But the question remains: how can Russia, Syria's opposition, key Arab states, the Turks, the US and Europe work together on Syria? Even more importantly, how can Russia be assured that its strategic interests would be better served by preparing for the day after the Baath regime ends its brutal and stultifying 41 year rule?

With Moscow experiencing its own version of popular protests and Vladimir Putin accusing Washington of inciting Russian activists, the diplomatic mood is hardly conducive to the US and Russia working together on a strategically important Syria. Furthermore, Russia's deep skepticism of the use of UN mandates to protect civilians as in Libya, and broader suspicions that humanitarian aims could be used to promote regime change among its allies, even at home, has made an international compact on Syria that includes Russia seem improbable.

However, Russia's tabling of its own resolution at the UN represents a first tentative step

at cooperation, particularly with the Arab world. Improving the text by adopting the Arab League's peace initiative, which it first presented to the Assad regime just over six weeks ago, and which the League is now threatening to take to the Security Council, should be the next step.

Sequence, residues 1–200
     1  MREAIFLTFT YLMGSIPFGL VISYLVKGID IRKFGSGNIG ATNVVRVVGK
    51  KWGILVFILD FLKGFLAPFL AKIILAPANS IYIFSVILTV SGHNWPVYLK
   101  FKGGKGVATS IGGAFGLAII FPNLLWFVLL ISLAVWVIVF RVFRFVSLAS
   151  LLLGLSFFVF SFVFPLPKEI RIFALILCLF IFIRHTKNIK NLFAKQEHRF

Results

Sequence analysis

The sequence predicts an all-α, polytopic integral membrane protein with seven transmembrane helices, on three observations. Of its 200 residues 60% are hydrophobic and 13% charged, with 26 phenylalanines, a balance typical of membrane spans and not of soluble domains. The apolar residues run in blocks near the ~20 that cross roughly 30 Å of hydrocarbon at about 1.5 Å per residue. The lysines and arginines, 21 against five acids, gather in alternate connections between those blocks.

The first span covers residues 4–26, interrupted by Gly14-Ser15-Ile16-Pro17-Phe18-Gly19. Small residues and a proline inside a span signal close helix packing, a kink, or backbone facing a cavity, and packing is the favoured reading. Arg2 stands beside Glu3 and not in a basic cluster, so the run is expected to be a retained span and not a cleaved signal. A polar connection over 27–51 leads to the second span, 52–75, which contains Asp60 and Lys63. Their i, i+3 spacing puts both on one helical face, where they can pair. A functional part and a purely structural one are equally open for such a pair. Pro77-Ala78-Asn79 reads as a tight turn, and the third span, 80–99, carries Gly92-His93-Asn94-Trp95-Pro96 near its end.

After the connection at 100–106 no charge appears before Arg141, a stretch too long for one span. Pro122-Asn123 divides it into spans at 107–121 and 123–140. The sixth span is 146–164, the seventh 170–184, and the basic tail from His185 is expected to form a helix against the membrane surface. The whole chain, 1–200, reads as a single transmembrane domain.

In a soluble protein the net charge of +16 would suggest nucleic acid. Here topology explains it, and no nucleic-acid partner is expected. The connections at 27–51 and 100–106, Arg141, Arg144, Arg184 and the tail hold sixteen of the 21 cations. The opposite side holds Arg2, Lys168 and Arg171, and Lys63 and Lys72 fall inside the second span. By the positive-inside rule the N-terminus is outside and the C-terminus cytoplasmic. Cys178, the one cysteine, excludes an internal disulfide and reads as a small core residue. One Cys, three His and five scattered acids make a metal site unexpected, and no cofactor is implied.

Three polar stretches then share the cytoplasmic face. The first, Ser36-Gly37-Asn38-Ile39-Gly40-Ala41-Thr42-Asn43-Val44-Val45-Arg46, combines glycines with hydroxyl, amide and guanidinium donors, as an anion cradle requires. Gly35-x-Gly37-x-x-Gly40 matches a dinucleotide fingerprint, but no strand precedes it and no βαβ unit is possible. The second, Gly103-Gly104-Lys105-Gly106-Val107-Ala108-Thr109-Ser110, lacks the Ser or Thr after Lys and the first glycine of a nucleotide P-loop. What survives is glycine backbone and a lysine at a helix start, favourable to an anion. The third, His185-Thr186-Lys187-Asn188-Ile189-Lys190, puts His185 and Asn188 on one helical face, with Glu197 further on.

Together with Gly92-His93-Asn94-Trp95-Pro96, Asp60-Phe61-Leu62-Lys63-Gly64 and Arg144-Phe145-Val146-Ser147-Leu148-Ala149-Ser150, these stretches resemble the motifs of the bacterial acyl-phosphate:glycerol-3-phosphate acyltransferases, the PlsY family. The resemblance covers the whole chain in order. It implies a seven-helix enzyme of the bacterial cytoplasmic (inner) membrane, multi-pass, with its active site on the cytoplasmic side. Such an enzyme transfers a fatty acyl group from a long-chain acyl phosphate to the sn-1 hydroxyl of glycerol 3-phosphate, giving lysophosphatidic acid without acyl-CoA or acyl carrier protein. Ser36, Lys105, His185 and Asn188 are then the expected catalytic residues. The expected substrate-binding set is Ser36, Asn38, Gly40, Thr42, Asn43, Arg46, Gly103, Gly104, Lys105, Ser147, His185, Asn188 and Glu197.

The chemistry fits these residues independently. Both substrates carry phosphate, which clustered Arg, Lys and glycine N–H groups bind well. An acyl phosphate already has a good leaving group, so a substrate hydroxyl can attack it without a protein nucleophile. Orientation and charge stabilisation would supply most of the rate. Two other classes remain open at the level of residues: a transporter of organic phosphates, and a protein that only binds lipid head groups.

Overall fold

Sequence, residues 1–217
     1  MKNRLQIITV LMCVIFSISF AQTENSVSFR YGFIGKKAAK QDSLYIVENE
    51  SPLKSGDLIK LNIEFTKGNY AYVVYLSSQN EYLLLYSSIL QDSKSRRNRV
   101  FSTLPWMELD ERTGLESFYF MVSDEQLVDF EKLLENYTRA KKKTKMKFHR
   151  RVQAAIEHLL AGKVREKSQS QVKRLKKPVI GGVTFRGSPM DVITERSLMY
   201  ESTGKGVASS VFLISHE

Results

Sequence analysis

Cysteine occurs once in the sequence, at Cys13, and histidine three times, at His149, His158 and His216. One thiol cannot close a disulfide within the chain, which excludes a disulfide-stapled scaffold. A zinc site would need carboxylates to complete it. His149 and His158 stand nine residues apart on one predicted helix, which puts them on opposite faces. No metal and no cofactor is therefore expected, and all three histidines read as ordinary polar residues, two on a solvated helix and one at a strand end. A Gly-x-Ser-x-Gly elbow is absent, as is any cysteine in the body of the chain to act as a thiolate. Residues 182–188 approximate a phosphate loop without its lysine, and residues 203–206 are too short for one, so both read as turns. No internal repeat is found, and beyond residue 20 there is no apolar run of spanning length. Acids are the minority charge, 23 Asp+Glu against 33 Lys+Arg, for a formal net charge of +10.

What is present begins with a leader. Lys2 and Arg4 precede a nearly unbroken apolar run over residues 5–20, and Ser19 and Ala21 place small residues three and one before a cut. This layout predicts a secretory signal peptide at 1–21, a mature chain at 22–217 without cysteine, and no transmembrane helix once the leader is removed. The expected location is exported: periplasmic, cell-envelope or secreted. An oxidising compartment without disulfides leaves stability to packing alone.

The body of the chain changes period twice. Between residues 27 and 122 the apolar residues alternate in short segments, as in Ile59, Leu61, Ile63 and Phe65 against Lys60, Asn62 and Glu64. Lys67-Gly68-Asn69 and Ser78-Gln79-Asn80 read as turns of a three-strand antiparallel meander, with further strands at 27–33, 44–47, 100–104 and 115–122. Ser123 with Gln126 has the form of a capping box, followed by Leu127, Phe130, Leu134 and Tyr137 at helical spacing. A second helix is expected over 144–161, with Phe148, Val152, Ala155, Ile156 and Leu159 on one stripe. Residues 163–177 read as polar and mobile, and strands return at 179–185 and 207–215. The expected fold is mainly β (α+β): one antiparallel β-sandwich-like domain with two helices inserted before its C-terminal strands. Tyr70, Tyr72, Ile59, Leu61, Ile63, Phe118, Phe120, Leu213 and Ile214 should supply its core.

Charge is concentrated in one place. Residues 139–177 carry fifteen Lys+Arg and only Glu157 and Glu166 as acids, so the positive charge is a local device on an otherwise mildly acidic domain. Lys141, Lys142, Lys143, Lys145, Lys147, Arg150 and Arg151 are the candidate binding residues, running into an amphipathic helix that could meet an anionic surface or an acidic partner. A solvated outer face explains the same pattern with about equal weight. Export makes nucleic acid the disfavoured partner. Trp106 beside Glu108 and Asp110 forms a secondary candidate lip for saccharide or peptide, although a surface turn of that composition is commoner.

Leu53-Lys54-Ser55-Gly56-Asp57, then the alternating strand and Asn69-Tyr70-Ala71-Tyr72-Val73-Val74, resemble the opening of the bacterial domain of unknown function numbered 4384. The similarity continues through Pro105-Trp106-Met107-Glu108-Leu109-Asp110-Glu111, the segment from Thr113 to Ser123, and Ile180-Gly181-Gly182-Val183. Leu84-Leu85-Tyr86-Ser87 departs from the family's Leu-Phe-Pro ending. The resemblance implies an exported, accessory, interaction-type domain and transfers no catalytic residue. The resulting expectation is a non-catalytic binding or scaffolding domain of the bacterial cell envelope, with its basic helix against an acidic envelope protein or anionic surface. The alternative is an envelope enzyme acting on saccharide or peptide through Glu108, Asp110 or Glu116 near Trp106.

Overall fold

The current Russian draft shows what has been wrong in its position. The draft continues to equate the regime's brutality with that of the largely peaceful struggle of the majority of hundreds of thousands of protesters in Syria. The recent UN Human Rights independent commission of inquiry report and other reports by international human rights organizations cite arbitrary killings, torture and other acts that constitute crimes against humanity being committed by the Syrian security forces. They clearly show that there is no practical or moral equivalence in the regime's actions and the protesters.

Russia also needs to reverse its total rejection of the political, financial and trade sanctions imposed by the Arab League if the Assad regime does not comply with its demands. Already, the regime has employed its usual delaying tactics in pulling back its forces from major cities and towns and allowing human rights monitors and international media in to the country. As the Arab League has recognized, albeit belatedly, exacting a price on the regime may be the only action left to stop its "killing machine."